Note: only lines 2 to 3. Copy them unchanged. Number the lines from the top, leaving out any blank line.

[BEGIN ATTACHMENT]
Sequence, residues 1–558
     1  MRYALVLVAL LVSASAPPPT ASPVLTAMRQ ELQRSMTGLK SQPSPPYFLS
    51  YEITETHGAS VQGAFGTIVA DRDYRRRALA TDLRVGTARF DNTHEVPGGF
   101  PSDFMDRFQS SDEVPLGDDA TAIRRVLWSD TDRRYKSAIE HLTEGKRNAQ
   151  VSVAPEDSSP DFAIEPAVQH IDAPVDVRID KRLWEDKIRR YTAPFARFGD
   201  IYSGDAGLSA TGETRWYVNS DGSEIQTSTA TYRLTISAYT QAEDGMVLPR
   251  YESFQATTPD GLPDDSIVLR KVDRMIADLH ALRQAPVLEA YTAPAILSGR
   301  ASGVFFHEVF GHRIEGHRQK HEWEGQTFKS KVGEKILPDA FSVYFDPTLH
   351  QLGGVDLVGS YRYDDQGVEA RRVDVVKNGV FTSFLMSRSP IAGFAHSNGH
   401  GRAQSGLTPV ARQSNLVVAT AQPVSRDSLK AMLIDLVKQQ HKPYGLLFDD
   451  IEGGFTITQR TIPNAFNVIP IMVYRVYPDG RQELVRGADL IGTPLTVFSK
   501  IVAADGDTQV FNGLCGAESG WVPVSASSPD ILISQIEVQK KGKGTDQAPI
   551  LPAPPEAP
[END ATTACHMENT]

     1  MRYALVLVAL LVSASAPPPT ASPVLTAMRQ ELQRSMTGLK SQPSPPYFLS
    51  YEITETHGAS VQGAFGTIVA DRDYRRRALA TDLRVGTARF DNTHEVPGGF